Monday, 27 June 2016

THE TAILOR : Chapter Four

After less than half an hour’s ride, they came in view of a secluded house up the road. “The party’s going to be held there, in that house,” said Balîd suddenly.
      When they arrived there, Balîd alighted and opened his arms to embrace two men who had rushed forward to welcome him. Other men, young and old, came towards him and kissed his hand. Then he glanced round and said to Tahar, “Stay there!” Tahar remained standing up beside the donkey and looked on as Balîd, flanked by the other men, walked into the house. The sound of music could be heard all around.

      For some time Tahar remained out alone; he remained standing up beside the donkey. And that position enraged him. He thought of running away. He thought of revenge. But how?

      And here was Balîd coming out of the house, flanked by two young women. A feeling of jealousy made Tahar’s heart ache for a moment, although none of the two women was singularly good-looking.
      “This is my tailor,” said Balîd with a shade of pride in his voice.
      “Really?” said the women, who were conspicuously mesmerized by Tahar’s beauty. But Balîd, seeing himself suddenly ignored by the two women whom he himself had brought out from the house, could not stand that. “Now, you know him,” he said huffily. “So if you want him to make you any kind of dress, come to me. Now, go back! See you!” Then he turned to Tahar, and said, “Let’s go!”
      On their way back, Balîd did not say anything that could hurt Tahar’s feelings. But Tahar was now aware that God only knew what the future held for him.

      So once he was back to the douar, he performed his ablutions and said his prayers, and went on praying and reciting the suras he had learned in Marrakesh until he could no more fight sleep off.

      But he slept no more than an hour or two. He then stayed awake for the rest of the night, brooding on his days in Marrakesh, in the zaouia in Mogador, in his village. He chewed over all he had heard from the Qadi, from Smaïl, from Abderrahman, from Zahiya. He pondered over life. He puzzled over luck. He wondered why of all women the son of a qaïd (!) should marry a swarthy fatty with not a single good feature. He wondered why the son of another qaïd (!) should marry a ravishing young woman for six long years and yet fail to beget a child. He thought and sighed and thought and sighed until he heard voices in the courtyard.

      Mweina came back three weeks later and took her takchita. Tahar did not ask her how she found it. But she expatiated upon its beauty, its virtues, its wonders. She dwelled upon that for a good while as if she were trying to sell that takchita to Tahar, who had made it. But Tahar said no more than, “Good!”, which he kept on repeating almost maliciously until Mweina rose and wiggled out of the room.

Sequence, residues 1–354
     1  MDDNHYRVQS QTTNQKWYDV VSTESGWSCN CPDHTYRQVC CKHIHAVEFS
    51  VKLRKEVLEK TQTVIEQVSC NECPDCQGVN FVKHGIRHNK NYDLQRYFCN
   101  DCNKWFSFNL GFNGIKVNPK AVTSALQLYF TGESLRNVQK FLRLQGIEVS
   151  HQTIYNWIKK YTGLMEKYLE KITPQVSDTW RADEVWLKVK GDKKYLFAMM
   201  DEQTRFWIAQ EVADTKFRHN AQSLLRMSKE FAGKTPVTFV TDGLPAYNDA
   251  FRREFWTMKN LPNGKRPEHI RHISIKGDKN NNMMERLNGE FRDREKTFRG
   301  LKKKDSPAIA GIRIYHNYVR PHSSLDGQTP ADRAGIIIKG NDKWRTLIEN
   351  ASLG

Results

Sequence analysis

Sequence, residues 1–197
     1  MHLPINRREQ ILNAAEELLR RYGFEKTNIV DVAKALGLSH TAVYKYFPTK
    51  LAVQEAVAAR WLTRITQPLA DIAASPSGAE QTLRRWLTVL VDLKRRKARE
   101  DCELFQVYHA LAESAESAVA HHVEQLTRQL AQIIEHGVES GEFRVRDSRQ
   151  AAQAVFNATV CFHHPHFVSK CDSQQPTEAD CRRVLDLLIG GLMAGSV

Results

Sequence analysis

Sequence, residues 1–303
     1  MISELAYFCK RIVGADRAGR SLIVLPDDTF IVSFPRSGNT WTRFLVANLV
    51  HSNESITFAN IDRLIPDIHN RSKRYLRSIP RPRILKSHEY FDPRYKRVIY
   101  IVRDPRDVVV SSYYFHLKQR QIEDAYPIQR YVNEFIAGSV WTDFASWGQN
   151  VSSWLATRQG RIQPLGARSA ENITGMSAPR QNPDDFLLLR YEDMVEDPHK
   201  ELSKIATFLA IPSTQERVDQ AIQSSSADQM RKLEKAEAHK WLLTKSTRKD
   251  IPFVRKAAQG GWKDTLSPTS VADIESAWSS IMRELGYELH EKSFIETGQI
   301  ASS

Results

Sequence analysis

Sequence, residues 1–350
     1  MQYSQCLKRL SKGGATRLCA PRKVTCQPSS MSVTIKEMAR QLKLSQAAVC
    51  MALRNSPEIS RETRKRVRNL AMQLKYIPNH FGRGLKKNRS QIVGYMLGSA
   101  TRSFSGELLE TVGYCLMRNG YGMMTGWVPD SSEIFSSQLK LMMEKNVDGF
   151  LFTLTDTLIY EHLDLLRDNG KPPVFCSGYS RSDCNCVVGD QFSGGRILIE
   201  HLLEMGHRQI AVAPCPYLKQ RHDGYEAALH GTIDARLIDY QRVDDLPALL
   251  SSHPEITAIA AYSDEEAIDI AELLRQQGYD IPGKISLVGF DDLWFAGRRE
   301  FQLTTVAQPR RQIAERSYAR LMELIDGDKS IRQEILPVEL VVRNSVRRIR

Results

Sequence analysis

A moment later, Tahar visualized Zahiya’s pinkish face. Zahiya smiled at him. Her blue eyes were crystal clear and her mouth more tempting than Mweina’s, which he had failed to kiss. Once again he gave a gurgle of delight, to the boy’s stupefaction. The boy did not know that every cackle, every crow he heard that afternoon carried Tahar to his village, miles and miles away. Every bray, every moo catapulted Tahar into Zahiya’s village.

      At night Tahar reverted to his Koranic recitations and prayed on and on till he burst out, “O God I know I sinned! I now repent. O God help me turn from sin. Lead me not into temptation…” And then Tahar went to sleep, free from worry or fear.

      The next morning Balîd popped up unexpectedly in Tahar’s room and said he would take him to another party later in the day. 

      Tahar looked forwardto that party with some kind of hankering, as if he believed that his salvation could only come through an encounter with someone at one of such parties. He flattered himself he had everything that would attract anybody’s attention.
      Those hopes crumbled at noon, when Balîd burst in on him, and said, “Get up! We’ll go hunting.”
      They went on foot under a threatening sky. They were caught in a shower. They got soaked to the skin. And yet they plodded on, with Tahar carrying a leather haversack over his shoulder.

      They arrived at a valley. The land was becoming verdant again. Birds tweeted overhead. “Wait!” Balîd said suddenly. “Look yonder! It’s a hare!” The hare was hopping around a shrub. Balîd lurked behind a bush. He filled his quiver and then picked an arrow, which he quickly feathered and levelled at the rabbit. Then he shot. A moment later he was up, hugging himself over his prey.